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Memorial Day at the Max Rayne Hand in Hand Jerusalem School

This post comes to you from the morning of Israel’s Memorial Day at the Max Rayne Hand in Hand Jerusalem School.

Two sixth-grade girls are alone in the big, empty gym.  One in a black shirt with white writing, her friend in a white shirt with black writing.  Soon there will be a joint ceremony here for Jews and Arabs, though in the meantime they are enjoying the empty space, laughing, singing into the microphone.  One of the adults comes in and reminds them that the siren will shortly sound. “Yes, that’s right” they recall, and place the microphone back on its stand. With intertwined hands they skip out together, but outside the door they separate and each goes her own way.  For before the joint ceremony there are separate gatherings for Arabs and Jews, as each side recollects its own narrative by themselves.

Two separate gatherings, a courtyard between them.  Two trees in the center are laden with construction paper leaves, on which, just an hour before, students wrote down their hopes— there will be peace, there will be no more wars, there will be tranquility, that I will have many friends.  The children’s leaves of hope flutter in the breeze, while in the background “David’s Lamentation” mixes with the Palestinian “My Homeland,” and Mahmoud Darwish’s “Think of Others” mingles with Leah Goldberg’s “Is It True.”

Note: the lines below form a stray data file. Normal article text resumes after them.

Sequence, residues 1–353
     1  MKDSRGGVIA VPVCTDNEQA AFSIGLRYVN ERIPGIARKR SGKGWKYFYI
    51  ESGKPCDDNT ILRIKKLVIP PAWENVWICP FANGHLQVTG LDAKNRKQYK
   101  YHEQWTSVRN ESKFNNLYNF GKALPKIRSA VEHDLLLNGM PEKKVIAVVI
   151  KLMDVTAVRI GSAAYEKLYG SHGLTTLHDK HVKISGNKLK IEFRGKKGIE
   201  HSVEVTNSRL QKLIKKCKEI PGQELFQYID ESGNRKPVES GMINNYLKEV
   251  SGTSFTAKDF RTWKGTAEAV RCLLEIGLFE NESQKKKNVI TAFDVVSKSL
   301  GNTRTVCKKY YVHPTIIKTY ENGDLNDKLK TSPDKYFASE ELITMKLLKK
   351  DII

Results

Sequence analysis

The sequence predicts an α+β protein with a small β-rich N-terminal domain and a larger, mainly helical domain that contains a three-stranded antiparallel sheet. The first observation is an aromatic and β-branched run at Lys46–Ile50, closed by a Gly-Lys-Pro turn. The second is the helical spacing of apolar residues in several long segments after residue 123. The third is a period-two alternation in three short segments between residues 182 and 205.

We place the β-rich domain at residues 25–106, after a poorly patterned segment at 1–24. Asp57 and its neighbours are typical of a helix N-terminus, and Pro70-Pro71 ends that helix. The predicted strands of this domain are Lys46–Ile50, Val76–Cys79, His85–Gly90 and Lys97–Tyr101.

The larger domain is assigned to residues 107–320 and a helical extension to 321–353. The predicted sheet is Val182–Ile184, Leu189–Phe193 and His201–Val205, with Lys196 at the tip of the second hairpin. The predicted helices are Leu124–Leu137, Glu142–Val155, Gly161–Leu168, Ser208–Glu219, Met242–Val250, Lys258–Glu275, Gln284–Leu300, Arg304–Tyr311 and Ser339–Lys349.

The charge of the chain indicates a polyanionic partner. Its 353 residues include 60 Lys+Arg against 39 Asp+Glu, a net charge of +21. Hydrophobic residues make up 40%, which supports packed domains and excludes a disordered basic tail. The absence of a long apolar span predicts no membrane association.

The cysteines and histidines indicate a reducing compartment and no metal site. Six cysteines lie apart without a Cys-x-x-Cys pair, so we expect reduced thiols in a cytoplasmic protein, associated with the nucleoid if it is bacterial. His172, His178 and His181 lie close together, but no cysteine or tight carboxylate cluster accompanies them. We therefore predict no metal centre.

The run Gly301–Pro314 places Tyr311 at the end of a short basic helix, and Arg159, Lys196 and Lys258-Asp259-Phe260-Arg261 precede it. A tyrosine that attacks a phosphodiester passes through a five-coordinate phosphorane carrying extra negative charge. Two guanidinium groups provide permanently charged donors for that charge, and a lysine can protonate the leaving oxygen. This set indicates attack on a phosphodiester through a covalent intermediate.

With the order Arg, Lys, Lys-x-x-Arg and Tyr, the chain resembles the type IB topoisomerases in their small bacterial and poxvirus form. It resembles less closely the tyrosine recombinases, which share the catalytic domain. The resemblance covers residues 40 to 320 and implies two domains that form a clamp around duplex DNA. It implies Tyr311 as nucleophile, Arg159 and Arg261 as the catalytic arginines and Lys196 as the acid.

Then everyone begins gathering for the joint ceremony, Jews and Arabs, children, teachers, and parents.  The most important moments of the year are channeled into an hour where we all disagree about this painful place.  Soon two teachers will speak about their shared history in Jerusalem, from two sides of a borderline. Soon the students will clarify a disagreement they had in class about these same two sides.  Soon a teacher will step outside, eyes glistening with tears, and her friend will follow to comfort her. Soon we will cry through the Julia Boutros song “I Breathe Freedom,” and Aviv Geffen’s “Song of Hope.”  All of this will happen shortly. In the meantime we are waiting for the start of the ceremony. As quiet settles we hear the doves chirping on the roof beams of the gym. Nadia, our principal, stands up and begins:

“I chose today to speak about peace.”


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Silence is Golden